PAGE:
Fwd: Mental Health Care Bill cleared for tabling at next Parliament session !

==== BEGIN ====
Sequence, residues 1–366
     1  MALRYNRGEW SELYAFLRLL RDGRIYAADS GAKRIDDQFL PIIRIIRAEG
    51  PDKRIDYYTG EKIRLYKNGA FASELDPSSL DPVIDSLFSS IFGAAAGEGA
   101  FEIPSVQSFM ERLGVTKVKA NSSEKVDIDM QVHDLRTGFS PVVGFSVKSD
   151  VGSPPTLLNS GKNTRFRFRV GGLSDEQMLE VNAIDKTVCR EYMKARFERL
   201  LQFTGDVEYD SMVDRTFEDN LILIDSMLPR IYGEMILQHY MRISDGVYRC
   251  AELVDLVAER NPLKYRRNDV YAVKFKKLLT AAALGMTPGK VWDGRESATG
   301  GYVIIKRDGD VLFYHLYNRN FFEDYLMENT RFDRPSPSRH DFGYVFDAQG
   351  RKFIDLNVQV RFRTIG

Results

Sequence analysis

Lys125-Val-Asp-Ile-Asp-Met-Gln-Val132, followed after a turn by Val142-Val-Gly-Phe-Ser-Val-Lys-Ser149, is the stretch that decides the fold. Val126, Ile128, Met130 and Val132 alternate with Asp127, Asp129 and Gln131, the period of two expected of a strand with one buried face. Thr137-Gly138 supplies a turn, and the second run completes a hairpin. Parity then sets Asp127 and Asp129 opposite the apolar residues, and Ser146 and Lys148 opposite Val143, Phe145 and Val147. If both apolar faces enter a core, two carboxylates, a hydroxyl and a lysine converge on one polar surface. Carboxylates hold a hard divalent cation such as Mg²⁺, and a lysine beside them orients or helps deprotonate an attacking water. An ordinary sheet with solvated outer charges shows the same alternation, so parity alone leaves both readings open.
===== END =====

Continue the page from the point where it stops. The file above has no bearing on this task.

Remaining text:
- From: Vaishnavi JayakumarChanging minds13-June-2013It will take more than a new law to battle entrenched attitudes to mental illnessThe draft mental health bill, scheduled to come up before the Union cabinet on Thursday, is a welcome step forward from the Mental Health Act of 1987, currently in place, which is a limited, paternalistic document. One of the act's stated objectives is to "protect society" from the presence of potentially dangerous mentally ill persons. The provisions of the draft bill, more closely aligned with international norms, seem to suggest a new understanding of mental illness. It focuses on rights and protections for the mentally ill, giving them greater agency in decisions regarding treatment. Though it signals a welcome change in approach, however, a new law alone may not be enough to address the myriad problems faced by mental health patients in India.Persons with such illnesses are usually segregated from the mainstream, shunned by peer groups and prospective employers. Ossified social attitudes have been shored up by decades of institutional apathy and discrimination, whether it is in a court of law or a police station. Government-run mental hospitals, mostly inherited from the colonial era, are nightmarish spaces. Many of these institutions are converted prisons, with practices of incarceration and punishment still embedded in them. Patients lack basic facilities such as adequate nutrition and sanitation. Even government sources acknowledge a large "treatment gap", that is, a disparity between the number of patients and the number of hospital beds and trained professionals to staff the institutions.Greater awareness about mental illness would go a long way in doing away with the discrimination that is entrenched in our society and institutions. The government must also focus on capacity building in the hospitals and running them as proper medical facilities. A law is only lip service to change.14-June-2013Cabinet clears Mental Health Care BillAarti DharNEW DELHI : The Union Cabinet on Thursday cleared the Mental Health Care Bill, 2013 that makes access to mental health care a right of all persons. Such services should be affordable, of good quality and available without discrimination, it said. The proposed law decriminalises suicide.The Bill, in consonance with international laws, has the provision of Advance Directives — described as a progressive and far-sighted step. No person who has recorded an Advance Directive to State that he or she should not be admitted to a facility without consent can be so admitted.A rights-based Bill also has a provision wherein a person with mental illness can appoint a nominated representative to take decisions for him or her. Under the provisions of the Bill, government has an obligation to provide half way homes, community caring centres and other shelters for mentally ill people. This has been planned under the District Mental Health Programme in the 12th Plan.In 2005, the National Commission on Macroeconomics and Health reported that 10-12 million or one to two per cent of the population suffered from severe mental disorders such as schizophrenia and bipolar disorder, and nearly 50 million or five per cent from common mental disorders such as depression and anxiety, yielding an overall estimate of 6.5 per cent of the population. The prevalence of mental disorders was higher among women, those who were homeless, poor and living in urban areas, Union Health and Family Welfare Minister Ghulam Nabi Azad told The Hindu.The new Bill, once approved by Parliament, will repeal the Mental Health Act, 1987, which had vested extraordinary power in the hands of the treating psychiatrists. There was enough evidence of misuse and unscrupulous families collaborating with psychiatrists in addition to badly functional or non-functional Central and Mental Health Authorities primarily because of lack of funds.Under the proposed new law, there is provision for voluntary admission with supported admission limited to specific circumstances; appeals can be made to the Mental Health Review Commission, which will also review all admission beyond 30 days and free care for all homeless, destitute and poor people suffering from mental disorder. The Bill provides right to confidentiality and protection from cruel, inhuman and degrading treatment, in addition to right to live in a community and legal aid. It bans the electric-convulsive therapy without anaesthesia and restricts psychosurgery, Mr. Azad said.He said the Bill tries to address the needs of the families and caregivers, and the needs of the homeless mentally ill. It provides for setting up Central and State Mental Health Authorities, which would act as administrative bodies, while the Mental Health Review Commission would be a quasi-judicial body to oversee the functioning of mental health facilities and protect the rights of persons with mental illness in mental health facilities.